Create Tile view card for custom List item image attachments using PowerAutomate & JSON row view formatting

In Modern SharePoint lists you can display list item content in a more modern way using the Tiles view layout. If you have very big list with multiple columns along with picture columns you get a horizontal scroll bar on the list view, the Tiles view can solve this issue since the content will be displayed on the tile card where you can design the layout of the tile card to display the different list column values.

There are many blog posts & PnP Samples which will help you to create a Tiles view using JSON row formatting. If you are new to JSON row formatting, I recommend you to go through this link from Microsoft. Microsoft has recently brought in interface to format the list item row & do conditional formatting by creating rules based on column values

On this blog post, lets see how to create Tiles view as shown above for the Images stored as attachments in the list item. If you add an attachment to list item in SharePoint list, the attachments are stored in the following path

https://domain.sharepoint.com/sites/SiteName/Lists/ListName/Attachments/ItemID/attachmentName.extension

Components used in this blog post

  1. Power Automate Flow: To get the path of the attached file (Image file in this case), we will be creating an automated Flow which gets triggered on List item creation to get the path of the image & update it to the custom hyperlink list column (ProductPhotoHL).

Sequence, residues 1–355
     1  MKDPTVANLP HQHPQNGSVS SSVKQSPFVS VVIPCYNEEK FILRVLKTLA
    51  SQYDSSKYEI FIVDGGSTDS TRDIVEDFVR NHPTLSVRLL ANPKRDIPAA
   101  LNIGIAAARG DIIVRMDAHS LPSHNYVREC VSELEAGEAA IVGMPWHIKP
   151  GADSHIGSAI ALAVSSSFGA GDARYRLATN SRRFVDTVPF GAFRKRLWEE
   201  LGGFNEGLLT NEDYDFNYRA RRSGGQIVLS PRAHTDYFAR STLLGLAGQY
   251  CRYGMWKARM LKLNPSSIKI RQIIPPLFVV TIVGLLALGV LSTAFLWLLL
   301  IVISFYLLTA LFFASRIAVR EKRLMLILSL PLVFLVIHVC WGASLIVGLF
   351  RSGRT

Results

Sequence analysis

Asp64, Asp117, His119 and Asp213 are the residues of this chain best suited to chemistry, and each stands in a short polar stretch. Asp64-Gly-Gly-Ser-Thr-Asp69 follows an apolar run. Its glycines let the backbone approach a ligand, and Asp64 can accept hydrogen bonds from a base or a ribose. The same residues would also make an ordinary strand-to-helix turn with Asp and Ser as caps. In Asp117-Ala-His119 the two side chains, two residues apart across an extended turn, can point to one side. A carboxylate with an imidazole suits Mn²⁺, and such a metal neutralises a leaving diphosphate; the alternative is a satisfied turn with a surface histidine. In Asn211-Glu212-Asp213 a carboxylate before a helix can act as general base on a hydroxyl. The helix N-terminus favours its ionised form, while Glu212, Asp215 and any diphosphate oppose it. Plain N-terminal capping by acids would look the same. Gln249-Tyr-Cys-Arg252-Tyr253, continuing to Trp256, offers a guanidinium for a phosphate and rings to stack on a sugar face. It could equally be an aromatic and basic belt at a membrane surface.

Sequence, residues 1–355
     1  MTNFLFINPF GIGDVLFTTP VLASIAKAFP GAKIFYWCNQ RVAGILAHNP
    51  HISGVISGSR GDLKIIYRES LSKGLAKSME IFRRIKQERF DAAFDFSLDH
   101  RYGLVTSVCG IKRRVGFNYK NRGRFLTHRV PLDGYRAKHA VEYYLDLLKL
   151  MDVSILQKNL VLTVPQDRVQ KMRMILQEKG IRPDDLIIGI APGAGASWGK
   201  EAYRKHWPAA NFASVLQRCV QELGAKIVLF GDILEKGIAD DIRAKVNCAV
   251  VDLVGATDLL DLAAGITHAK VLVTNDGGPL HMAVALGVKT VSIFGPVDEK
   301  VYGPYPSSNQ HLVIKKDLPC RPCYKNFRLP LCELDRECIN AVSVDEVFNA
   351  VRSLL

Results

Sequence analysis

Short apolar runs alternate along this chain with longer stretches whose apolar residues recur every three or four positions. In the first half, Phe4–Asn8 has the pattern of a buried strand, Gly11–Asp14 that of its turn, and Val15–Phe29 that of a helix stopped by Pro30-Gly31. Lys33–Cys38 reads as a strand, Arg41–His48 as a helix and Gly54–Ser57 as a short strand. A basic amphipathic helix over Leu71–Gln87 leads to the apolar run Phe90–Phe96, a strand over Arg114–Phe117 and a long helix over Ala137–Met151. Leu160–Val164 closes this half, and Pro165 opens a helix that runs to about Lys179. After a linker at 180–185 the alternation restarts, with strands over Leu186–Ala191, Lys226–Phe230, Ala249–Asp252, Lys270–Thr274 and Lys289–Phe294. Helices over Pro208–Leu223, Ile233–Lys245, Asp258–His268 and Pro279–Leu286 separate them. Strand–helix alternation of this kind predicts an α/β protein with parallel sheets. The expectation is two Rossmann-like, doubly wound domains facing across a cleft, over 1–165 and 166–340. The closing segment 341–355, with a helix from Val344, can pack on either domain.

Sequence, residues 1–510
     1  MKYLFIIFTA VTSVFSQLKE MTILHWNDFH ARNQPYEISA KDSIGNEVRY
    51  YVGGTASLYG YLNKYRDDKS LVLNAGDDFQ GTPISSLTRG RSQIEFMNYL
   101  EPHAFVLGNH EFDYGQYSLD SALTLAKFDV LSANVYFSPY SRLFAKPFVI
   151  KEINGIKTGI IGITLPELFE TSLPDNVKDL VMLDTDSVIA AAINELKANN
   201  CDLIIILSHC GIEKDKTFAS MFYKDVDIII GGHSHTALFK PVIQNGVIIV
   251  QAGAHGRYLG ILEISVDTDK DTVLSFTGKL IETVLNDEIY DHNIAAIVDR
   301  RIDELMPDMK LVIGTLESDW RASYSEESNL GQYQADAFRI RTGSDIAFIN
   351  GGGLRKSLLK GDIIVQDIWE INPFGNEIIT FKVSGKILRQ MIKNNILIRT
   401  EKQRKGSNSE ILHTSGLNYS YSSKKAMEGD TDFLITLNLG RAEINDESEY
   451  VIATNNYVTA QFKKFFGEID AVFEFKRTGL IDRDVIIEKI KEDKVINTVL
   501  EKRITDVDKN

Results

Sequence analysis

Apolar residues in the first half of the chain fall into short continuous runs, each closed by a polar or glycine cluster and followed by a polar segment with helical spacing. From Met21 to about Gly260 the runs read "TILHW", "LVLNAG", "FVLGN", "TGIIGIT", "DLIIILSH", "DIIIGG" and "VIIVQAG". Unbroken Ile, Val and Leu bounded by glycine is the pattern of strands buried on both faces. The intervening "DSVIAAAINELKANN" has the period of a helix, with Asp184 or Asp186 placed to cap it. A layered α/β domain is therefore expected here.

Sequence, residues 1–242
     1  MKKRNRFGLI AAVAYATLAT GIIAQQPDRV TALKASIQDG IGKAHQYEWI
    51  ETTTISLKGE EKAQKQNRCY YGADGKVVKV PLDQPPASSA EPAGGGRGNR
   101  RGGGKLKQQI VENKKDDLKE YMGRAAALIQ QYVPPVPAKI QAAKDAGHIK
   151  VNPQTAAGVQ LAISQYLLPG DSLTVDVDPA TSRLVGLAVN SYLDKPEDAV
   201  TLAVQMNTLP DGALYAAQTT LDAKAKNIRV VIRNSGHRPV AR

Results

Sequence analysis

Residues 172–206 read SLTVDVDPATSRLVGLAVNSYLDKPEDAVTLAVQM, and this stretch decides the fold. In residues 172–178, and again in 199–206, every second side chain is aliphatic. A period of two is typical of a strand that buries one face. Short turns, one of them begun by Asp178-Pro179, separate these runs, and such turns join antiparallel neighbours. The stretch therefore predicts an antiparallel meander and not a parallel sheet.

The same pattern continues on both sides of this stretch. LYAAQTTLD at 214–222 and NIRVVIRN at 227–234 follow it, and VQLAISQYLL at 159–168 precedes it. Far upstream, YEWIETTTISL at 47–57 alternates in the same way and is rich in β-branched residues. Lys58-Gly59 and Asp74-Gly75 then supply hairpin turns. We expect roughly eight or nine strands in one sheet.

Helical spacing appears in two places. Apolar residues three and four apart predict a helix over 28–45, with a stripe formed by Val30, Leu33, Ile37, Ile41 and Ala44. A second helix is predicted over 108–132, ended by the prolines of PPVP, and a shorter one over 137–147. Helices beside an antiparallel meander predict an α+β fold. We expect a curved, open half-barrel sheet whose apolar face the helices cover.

2. JSON: To create a Tile view layout using list row view formatting.

Pre-Requisites:

  • Create a SP List by the name ProductInformation with the following columns
    1. Title: Single line of text
    2. ProductPhotoHL: Hyperlink (to the image)
    3. ProductPhotoPic: Picture (to the image)
    4. ProductPrice: Number
    5. Features: Multiple lines of text
  • Couple of list items with Images as attachments after the Power automate flow is created
    1. Only images as attachments
    2. Not more than one image as an attachment

Power Automate to get the path of the Image attachment URL:

Create an automated flow with Trigger When an item is created and configure the trigger to the ProductInformation list. Add the Get Attachments action connected to the Product Information list & for Id parameter it should the List item Id (ID) selected using the dynamic content from the trigger When an item is created.